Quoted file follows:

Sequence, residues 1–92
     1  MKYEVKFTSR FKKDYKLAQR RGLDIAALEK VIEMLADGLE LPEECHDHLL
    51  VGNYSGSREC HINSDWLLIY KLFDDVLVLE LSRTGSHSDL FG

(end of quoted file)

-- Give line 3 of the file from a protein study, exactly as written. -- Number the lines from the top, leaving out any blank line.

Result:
    51  VGNYSGSREC HINSDWLLIY KLFDDVLVLE LSRTGSHSDL FG